Being told what to do can often rub the wrong way.
That’s why when people go to college, they often look forward to having freedom and not being told what to do by their parents.
But then you move into off campus apartments with your roommates and you either go crazy from them telling you what to do or are tempted to tell them what to do if they aren’t helping with the room’s upkeep.
The solution? A chore chart.
Chore charts aren’t everyone’s cup of tea either, but it is the lesser evil when it comes to keeping the place clean and staying somewhat civil with one another.
Getting a system established early on will help you in the long run, so here are some different methods of going about creating a chore chart with your roommates or housemates.
The luck of the draw: Sit down with your housemates and jot down all the chores you want to get done that week. Fold them into little pieces of paper and then stick them into a bowl or hat. Pass the bowl around and have each housemate pick a chore until they are all spoken for (make sure you all get the same number of chores).
This way, no one feels singled out to do a task and you can change it every week so you don’t get sick of doing any given chore.
Whiteboard: If the first option seems too randomized for you, you and your housemates can write up chores on a whiteboard and each pick things you wouldn’t mind doing (or at least, things that wouldn’t kill you). Some people really enjoy routine, so if you all agree to keep the same chores for a month or even the whole year, you can try and set it up like this.
On the whiteboard, there should be a column where you can sign off when the task is complete. This way, everyone in the house will know what has already been done and what still needs to be tended to.
The best way to set a “due date” for the chores would be to make everyone complete them by Sunday at midnight. This way, you don’t have to tell others what to do because they know they have the whole week, and having the whole weekend guarantees they will find some time to get things done between homework and studying.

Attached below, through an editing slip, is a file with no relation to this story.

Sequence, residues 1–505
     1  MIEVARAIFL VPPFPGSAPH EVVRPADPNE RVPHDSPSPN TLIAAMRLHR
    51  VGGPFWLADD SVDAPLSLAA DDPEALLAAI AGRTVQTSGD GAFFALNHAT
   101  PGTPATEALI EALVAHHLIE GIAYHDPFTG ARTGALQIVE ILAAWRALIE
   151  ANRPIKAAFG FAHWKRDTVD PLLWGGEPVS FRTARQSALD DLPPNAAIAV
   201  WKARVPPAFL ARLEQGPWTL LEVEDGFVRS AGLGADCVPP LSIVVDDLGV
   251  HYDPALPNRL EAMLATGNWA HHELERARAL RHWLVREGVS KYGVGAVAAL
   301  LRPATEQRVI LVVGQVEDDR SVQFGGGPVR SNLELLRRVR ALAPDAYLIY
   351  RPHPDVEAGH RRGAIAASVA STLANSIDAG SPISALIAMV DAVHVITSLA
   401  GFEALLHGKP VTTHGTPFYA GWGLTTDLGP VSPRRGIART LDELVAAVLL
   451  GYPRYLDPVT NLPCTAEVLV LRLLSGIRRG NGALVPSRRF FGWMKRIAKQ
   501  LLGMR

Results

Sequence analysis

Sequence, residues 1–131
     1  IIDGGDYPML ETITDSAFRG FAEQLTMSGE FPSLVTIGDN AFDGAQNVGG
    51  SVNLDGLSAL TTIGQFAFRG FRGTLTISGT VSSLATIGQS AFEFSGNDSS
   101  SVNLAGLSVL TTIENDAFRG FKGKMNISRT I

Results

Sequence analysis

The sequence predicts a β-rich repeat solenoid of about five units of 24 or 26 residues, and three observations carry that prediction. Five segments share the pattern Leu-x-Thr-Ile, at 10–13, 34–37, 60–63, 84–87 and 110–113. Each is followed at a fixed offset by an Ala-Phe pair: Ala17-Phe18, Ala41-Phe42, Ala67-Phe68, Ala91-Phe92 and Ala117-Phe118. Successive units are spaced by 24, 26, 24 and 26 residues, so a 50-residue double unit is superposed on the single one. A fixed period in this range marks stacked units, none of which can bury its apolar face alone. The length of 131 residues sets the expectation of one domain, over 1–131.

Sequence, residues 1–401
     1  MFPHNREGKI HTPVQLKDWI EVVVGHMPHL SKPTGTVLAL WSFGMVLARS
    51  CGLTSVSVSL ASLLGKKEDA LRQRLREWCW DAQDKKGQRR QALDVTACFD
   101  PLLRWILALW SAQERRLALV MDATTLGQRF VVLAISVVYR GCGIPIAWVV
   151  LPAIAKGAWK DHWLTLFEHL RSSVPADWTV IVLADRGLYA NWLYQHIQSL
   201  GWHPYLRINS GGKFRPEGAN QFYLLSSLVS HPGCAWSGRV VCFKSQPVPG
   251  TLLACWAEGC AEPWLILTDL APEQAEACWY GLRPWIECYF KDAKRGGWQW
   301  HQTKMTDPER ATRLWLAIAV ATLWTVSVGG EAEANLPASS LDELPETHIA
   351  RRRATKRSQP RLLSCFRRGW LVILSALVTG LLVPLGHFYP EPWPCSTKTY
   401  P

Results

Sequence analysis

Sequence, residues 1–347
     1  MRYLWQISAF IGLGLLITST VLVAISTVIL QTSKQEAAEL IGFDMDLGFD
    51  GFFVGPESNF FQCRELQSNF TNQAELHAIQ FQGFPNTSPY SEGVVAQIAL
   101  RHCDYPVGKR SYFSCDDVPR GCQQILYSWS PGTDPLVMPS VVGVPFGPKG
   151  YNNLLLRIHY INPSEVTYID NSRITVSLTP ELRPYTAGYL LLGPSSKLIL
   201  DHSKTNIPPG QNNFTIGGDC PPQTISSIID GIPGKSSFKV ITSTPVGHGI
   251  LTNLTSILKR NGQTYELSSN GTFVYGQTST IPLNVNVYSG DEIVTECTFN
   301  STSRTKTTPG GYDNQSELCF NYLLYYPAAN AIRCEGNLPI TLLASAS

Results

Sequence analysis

Then, if they don’t complete their task(s), you will have to establish a repercussion. Maybe they get the majority of the chores the following week. Everyone should agree on the consequence of not finishing the chores and agree not to argue back if they drop the ball.
Give incentive: You and your housemates could set up a system where some chores earn more points than others.
The housemate that gets stuck with the worst chore that week could get treated to Starbucks or something else by the other housemates. This will be a fun and fair way of rewarding one another.
The rewards don’t have to be limited to treating the person either. You could make a system where the nastier chores (those with higher points) mean you have less chores to do.
Courtesy rules: Chore charts can cause some heat if someone made something really messy and then decided not to clean it up because that wasn’t their chore for that given time period. You and your housemates will have to figure out the logistics, of course, but the rule should be that if you make a mess above and beyond the normal course of a week, you should help clean it up.
Another big one is when the dishwasher is running and everyone has to pile their dishes in the sink, who will be responsible for loading the dirty dishes? Should it be the person unloading the dishwasher or should everyone have to load their own stuff once the dishwasher is empty?
The chore chart will have to be adjusted depending on who you live with and how willing they are to cooperate. Some people will blatantly avoid cleaning, even with a chore chart, so the best method is to have a basic idea in mind and then tweak it as you go.